This indirect form of engagement carries into the image: things that are ostensibly the subjects of Ractcilffe’s gaze, as suggested by a photograph’s title, are infrequently the image’s actual focus. The “Woman on the footpath,” for instance, is barely visible against a vast terrain of rocky landfills at the Roque Santeira market in Angola. Readers must squint hard, “Where’s Waldo?”-style, to find her camouflaged among the trash heaps and abruptly bisected by the image’s bottom frame. It is harder still to perceive, without any context, that these are the banal traces left behind in the wake of South Africa’s Border War, a spillover of the Cold War’s little-discussed African front.

Many of Ractliffe’s admirers have written eloquently on the artist’s conceptual engagement with themes of surveillance, documentary, and urban history in South Africa. But the monograph’s matte printing also reminds us that Ractliffe is deft on a purely technical level, making even the farthest horizons vibrate with a near overload of detail. It is an admittedly basic observation, but one that, I think, is crucial to understanding how Ractliffe transforms seemingly empty tracts of land into remarkably busy ones. For it is not the political framework alone that renders her landscapes visibly — and in this particular monograph, tangibly — heavy, weighed down with history’s vestiges.

And what remains? This is a question that Ractliffe, looking back upon her work, grapples with alongside the reader. Photographs 1980s - now is organized chronologically, divided into different sections that are introduced and narrated by the artist herself. She is compellingly honest in her reflections, dedicated less to making a compact narrative of her career than to musing out loud alongside the reader. “In the original exhibition handout,” Ractliffe writes of the dead roadside donkey who graces the monograph’s cover, “I wrote rather awkwardly about ‘narratives of violence’ and my desire ‘to engage the viewer’s interpretive agency more forcefully’. Looking back, it seems that what I was doing was setting up a series of enactments — an attempt perhaps to comprehend an experience that was, and remains, unfathomable to me.”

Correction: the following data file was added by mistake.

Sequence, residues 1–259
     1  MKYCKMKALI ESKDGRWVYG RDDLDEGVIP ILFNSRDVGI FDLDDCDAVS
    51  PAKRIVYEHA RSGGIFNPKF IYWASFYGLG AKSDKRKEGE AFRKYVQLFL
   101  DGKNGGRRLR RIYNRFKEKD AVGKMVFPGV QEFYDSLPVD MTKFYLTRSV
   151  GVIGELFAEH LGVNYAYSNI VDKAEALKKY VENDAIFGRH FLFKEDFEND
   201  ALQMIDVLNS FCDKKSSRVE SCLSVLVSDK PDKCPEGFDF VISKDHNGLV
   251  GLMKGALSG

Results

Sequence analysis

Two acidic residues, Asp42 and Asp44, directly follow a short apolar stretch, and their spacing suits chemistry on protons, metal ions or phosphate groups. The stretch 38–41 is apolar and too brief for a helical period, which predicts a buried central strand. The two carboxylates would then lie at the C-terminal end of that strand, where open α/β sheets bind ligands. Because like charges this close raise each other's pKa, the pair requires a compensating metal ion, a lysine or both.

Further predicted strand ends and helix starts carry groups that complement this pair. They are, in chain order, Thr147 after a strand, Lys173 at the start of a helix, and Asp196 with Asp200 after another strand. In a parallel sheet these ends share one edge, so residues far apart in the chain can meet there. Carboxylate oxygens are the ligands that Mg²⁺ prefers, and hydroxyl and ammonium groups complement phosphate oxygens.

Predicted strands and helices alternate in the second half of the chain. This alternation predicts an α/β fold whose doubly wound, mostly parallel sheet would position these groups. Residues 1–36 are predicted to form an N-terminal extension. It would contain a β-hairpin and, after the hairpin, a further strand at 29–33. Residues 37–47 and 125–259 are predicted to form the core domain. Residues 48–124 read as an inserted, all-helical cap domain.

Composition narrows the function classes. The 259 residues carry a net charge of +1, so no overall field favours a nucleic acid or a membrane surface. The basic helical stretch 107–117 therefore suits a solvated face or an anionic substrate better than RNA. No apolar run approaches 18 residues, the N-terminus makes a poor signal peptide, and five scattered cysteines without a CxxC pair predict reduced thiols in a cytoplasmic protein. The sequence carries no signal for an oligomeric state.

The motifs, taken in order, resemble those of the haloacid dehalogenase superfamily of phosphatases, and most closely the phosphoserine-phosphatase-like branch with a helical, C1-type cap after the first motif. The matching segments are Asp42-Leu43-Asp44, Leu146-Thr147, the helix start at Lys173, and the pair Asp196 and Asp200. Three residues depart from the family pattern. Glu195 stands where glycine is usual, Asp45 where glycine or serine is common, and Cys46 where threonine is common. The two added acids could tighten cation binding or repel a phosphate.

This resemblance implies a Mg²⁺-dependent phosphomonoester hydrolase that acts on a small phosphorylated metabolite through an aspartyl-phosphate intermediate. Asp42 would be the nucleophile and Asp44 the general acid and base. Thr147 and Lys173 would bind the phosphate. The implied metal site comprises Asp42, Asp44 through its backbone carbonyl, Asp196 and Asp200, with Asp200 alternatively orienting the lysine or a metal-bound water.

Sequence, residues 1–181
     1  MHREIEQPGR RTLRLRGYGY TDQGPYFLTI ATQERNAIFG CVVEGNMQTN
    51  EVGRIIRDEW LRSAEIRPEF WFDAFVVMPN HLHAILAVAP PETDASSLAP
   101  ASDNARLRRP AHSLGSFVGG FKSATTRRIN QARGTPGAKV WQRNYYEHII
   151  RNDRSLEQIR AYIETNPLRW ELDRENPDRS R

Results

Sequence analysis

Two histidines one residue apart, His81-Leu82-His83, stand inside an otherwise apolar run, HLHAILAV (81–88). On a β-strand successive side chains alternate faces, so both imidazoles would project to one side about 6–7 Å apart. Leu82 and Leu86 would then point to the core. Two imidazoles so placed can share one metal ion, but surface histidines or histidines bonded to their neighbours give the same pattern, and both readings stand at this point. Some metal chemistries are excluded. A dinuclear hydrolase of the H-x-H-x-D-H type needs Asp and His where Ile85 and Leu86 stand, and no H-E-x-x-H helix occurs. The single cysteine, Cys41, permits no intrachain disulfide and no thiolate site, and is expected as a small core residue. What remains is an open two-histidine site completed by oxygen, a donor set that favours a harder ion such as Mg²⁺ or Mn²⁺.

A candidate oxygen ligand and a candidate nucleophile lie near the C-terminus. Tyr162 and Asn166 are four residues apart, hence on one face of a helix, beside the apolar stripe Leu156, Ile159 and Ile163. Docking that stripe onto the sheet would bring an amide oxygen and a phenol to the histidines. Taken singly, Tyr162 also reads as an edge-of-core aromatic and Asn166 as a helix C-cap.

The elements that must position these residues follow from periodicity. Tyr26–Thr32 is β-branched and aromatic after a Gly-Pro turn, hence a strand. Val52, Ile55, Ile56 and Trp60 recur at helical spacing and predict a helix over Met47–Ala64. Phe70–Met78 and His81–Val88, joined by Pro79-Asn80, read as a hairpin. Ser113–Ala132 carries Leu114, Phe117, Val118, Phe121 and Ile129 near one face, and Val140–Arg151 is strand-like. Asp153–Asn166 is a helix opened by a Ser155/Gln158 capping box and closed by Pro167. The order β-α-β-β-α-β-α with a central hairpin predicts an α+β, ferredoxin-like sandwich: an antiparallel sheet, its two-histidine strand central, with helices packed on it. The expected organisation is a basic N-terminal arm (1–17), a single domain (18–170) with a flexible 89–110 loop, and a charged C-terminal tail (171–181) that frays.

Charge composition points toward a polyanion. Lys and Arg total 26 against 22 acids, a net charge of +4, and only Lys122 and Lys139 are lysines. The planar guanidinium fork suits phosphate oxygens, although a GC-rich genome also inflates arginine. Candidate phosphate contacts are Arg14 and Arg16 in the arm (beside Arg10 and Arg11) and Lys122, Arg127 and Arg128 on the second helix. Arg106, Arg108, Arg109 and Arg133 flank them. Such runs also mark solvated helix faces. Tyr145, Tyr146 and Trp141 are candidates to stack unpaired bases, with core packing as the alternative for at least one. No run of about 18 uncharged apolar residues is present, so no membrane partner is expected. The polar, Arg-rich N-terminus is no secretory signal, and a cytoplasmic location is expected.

Alongside such musings, the book is also accompanied by a comprehensive selection of essays on Ractliffe’s work, written over the years by figures such as Okwui Enwezor, Penny Siopsis, Jill Bennett, and Matthew S. Witkovsky. There is also a substantial artist interview, conducted by Artur Walther, whose thorough knowledge of Ractliffe’s oeuvre engenders an insightful discussion about the artist’s process and influences. The novelist Emmanuel Iduma contributes a short story, based on Ractliffe’s images, revolving around an anonymous narrator who loosely traces the footsteps of a long-lost father across the sites where he was last seen.

Between fiction and review, text and image, this retrospective monograph reminds me why, even nearly three decades after the official end of apartheid, Ractliffe’s ability to envision the subtle traces of violence remains not only compelling, but necessary. For these photographs, while taken in the apparent aftermath of wars and conflict, gesture also to the imminence of these events: the necessary cycles of history. If the past necessarily inflects the here and now, as Ractliffe’s work suggests, then future conditions must be seen in the current moment, however inarticulable they may be at present. 

InHae Yap is a researcher whose work explores shared themes, questions, and histories between photography and anthropology. Her writing has appeared in photo-eye, Strange Fire Collective, and Critical Interventions, among other publications. She is currently based in New York.